The inflation decelerated slightly for the second straight month after reaching a nearly 12-year high of 9.56 percent in July, a sign inflationary pressures may be slowing after the central bank rate-hike campaign increased borrowing cost to its highest in nine years.
Year-on-year, housing cost recorded the highest increase in September (up 18.17 percent), boosted by a 52.79 percent surge in electricity cost, followed by domestic fuel (up 19.16 percent) and rent and tariffs (9.43 percent). Food prices increased 10.06 percent and transport cost went up 8.05 percent as fuels rose 11.1 percent and public transportation increased 9.81 percent.
On a monthly basis, consumer prices went up 0.54 percent, higher than a 0.22 percent in August, but the second lowest gain in ten months.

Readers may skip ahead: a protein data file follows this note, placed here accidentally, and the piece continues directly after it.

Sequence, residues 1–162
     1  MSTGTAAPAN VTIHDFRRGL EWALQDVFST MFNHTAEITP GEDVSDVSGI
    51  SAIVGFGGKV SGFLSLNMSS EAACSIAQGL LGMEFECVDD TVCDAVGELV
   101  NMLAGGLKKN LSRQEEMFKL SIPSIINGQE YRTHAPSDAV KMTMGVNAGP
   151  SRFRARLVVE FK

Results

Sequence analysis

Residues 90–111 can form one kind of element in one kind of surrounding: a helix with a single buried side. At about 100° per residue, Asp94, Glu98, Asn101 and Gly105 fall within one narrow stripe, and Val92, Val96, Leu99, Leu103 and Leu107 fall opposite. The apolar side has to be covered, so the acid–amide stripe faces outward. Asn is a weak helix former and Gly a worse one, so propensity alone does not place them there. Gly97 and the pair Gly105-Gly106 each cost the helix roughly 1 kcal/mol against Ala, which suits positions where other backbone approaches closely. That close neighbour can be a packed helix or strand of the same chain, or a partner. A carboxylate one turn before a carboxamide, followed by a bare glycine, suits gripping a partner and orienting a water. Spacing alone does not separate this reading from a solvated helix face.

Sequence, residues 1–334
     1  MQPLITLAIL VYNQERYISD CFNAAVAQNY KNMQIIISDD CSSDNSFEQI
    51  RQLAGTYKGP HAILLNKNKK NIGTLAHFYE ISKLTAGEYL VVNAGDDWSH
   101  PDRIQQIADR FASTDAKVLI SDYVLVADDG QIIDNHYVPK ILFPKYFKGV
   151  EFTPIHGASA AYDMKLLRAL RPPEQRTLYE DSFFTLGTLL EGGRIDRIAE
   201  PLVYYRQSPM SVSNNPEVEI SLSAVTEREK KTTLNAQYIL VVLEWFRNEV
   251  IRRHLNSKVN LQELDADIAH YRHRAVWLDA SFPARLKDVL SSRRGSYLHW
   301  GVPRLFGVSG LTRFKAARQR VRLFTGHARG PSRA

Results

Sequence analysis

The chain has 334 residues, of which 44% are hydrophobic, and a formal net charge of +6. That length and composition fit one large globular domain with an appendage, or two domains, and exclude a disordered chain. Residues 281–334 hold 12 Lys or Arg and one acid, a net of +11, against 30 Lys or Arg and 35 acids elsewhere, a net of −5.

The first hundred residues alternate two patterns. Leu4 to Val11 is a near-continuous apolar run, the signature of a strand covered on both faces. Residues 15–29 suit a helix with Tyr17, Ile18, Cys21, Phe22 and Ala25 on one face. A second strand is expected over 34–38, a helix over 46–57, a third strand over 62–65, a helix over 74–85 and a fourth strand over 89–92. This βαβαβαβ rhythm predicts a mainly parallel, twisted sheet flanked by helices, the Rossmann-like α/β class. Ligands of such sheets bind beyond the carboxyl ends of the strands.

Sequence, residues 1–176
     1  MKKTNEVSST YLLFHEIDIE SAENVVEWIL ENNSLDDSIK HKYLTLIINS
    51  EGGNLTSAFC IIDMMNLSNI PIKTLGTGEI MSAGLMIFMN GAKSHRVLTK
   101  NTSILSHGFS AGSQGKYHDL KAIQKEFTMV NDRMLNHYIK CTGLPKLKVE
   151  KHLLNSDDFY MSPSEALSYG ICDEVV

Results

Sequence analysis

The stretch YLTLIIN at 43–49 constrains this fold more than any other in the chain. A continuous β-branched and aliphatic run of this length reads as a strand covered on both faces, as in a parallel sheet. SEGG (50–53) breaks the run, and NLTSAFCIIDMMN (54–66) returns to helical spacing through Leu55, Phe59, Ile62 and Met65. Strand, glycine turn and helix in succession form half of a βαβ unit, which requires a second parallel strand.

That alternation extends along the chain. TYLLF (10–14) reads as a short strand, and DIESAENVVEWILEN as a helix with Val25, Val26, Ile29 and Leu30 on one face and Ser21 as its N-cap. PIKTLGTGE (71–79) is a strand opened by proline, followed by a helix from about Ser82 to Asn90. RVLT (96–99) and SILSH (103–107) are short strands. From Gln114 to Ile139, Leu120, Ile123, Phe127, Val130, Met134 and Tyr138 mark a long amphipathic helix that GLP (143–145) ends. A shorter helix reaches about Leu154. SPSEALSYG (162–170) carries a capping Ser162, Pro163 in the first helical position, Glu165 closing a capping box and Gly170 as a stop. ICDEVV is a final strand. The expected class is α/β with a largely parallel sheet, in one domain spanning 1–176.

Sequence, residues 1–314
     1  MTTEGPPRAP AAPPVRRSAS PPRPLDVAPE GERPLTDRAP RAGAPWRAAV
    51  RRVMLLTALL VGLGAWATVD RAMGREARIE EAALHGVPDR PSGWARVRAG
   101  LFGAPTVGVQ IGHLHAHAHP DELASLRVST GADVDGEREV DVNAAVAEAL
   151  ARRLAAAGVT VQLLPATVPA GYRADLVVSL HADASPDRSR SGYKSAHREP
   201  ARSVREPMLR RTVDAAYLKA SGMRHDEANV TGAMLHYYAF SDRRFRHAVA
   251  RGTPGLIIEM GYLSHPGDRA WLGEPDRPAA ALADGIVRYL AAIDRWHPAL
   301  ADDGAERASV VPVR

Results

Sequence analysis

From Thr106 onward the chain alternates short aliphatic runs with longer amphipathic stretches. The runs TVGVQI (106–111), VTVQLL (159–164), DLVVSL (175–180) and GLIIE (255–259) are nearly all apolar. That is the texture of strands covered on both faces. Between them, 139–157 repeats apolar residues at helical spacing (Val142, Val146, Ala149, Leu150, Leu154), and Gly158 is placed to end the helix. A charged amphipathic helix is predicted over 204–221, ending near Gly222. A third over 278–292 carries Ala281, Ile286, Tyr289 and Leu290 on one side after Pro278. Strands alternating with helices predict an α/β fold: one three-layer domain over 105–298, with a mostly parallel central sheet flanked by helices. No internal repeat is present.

Housing cost accounted the most for the rise (up 1.3 percent), driven by gas. The liquefied petroleum gas for residential use became 12.98 percent more expensive in September, though there were big differences among regions. For example in Rio de Janeiro gas prices rose by 9.49 percent, in Vitória by 20.8 percent, in Goiânia by 19.68 percent and in Brasília by 19.23 percent. Additional upward pressure came from transport prices (up 0.71 percent), mainly driven by a 23.13 percent increase in airfare prices.
The country is struggling to fight stubbornly high inflation after the government imposed several tax increases aiming at balancing overall budget and a weak currency – the real already fell 49 percent to the USD in the first nine months of the year. From January to September, consumer prices went up 7.64 percent.